Discuss How Emotional Intelligence Drives the Organizational Performance

by Aminat Abubakar – Tuesday, April 4, 2017

In 1998, Daniel Goleman brought to fame Emotional Intelligence (EI) theory in terms of organizational and job performance. Daniel Goleman defines EI as “The capacity for recognizing our own emotions and those of others, for motivating ourselves and others, and for managing emotions well in ourselves and our relationships” (Husain, 2017).

Goleman, (2015, p. 6) posited five components of EI: Self-awareness, Self-regulation, Motivation, Empathy, and Social skill. The first three components are self-management skills, and the last two components relate to a person’s ability to manage relationships with others.

Keyser, J. (2013, June 11) explains, “Self-management is our ability to use awareness of our emotions to stay flexible and direct our behavior positively and constructively. Relationship management is our ability to use our awareness of our own emotions and those of others to manage interactions successfully.”

EI leaders influence and engage teams that tap into the human side resulting in inspired and motivated employees. Such trait leads to excellent job performance and overall successful achievement of organization goals, and profitability. It builds trust and loyalty, and employees tend to agree with one another. It reduces workplace stress and infighting, it attracts great talents and reduced talent turnover in the organization. It plays a very important role in a satisfactory relationship with stakeholders.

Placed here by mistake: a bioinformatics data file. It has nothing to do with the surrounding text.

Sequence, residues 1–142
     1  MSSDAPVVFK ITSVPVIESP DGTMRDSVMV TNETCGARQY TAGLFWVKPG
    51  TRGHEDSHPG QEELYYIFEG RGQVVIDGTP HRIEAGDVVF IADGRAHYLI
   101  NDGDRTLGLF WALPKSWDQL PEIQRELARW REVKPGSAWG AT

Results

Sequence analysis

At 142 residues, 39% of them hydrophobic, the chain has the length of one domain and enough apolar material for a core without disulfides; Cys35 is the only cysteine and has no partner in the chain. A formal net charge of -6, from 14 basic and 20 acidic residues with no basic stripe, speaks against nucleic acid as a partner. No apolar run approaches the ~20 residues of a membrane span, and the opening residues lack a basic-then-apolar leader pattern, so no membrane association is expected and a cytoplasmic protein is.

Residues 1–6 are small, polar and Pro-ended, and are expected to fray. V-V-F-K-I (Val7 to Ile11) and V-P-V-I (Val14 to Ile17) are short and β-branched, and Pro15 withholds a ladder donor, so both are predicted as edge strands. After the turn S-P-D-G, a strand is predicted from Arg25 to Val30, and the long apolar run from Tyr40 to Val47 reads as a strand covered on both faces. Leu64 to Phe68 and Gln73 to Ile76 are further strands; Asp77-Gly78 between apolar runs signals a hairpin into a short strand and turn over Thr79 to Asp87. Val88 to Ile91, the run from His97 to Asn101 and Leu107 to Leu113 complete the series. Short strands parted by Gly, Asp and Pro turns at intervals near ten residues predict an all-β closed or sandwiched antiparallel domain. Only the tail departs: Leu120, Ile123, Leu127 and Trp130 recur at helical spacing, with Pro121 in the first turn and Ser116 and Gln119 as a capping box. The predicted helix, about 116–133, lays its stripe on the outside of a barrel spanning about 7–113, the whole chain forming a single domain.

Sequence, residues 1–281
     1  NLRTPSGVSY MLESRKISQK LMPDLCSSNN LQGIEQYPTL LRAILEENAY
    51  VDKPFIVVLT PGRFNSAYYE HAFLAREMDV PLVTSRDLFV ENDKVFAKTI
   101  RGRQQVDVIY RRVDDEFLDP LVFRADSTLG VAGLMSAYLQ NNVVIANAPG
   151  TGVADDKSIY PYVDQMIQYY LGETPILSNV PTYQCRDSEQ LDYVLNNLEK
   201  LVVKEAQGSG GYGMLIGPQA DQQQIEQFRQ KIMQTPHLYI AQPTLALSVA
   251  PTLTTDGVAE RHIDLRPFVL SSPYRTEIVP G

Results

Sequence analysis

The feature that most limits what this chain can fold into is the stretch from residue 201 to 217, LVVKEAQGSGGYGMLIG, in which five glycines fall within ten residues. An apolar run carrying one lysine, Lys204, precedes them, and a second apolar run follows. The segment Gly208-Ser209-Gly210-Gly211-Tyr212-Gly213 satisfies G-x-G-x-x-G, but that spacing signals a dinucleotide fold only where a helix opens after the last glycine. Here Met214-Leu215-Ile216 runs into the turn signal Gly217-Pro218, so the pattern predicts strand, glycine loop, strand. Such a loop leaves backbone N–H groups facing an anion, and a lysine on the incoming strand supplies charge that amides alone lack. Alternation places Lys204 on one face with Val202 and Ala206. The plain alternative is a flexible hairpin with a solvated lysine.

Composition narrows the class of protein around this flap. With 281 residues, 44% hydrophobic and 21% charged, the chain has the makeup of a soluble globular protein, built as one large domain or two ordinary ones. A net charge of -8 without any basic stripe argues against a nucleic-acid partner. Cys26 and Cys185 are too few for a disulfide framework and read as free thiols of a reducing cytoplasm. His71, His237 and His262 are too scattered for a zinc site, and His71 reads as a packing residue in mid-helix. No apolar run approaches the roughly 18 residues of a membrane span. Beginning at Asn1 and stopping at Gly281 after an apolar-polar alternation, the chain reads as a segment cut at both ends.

In an article, “Are emotionally intelligent employees worthwhile?” Green (n.d.) stated that a research by Ben Palmer et al, a leading Australian researcher into emotional intelligence, has found that employees with higher levels of emotional intelligence have less absenteeism —thus do not cost you as much money, and do not cause as many disruptions in the workplace.

EI in the healthcare sector delivers a more effective patient care. When taught in schools, educates the youth who become successful in learning and life. On a personal level, it creates contentment in an employee life and family, an increase in employee well-being.

So, take the step now towards the improvement or development of your emotional intelligence.


Goleman, D. (2015). “What Makes a Leader?” HBR’s 10 Must Reads on Emotional Intelligence (p. 1-21). Boston, MA: Harvard Business Review Press.
Green, R. (n.d.). Are emotionally intelligent employees worthwhile? Retrieved from http://www.theeiinstitute.com/emotional-intelligence-work/
Husain, S., Dr. (2017). Leadership and Emotional Intelligence. Lecture presented at Stratford University in Falls Church, Virginia.
Keyser, J. (2013, June 11). Emotional Intelligence Is Key to Our Success. Retrieved from https://www.td.org/Publications/Blogs/Management-Blog/2013/06/Emotional-Intelligence-Is-Key-to-Our-Success

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